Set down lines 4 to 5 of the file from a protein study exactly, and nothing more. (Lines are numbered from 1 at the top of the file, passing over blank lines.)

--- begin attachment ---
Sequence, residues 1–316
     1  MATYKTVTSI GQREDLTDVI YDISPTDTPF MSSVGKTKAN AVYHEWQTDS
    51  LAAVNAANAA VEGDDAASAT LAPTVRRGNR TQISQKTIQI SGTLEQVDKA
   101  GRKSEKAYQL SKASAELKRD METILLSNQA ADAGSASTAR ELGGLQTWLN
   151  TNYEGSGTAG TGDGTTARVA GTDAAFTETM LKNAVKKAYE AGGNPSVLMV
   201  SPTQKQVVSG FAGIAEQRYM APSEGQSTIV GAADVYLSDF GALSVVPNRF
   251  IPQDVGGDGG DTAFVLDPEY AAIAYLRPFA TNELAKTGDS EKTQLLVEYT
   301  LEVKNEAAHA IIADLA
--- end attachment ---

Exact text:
   101  GRKSEKAYQL SKASAELKRD METILLSNQA ADAGSASTAR ELGGLQTWLN
   151  TNYEGSGTAG TGDGTTARVA GTDAAFTETM LKNAVKKAYE AGGNPSVLMV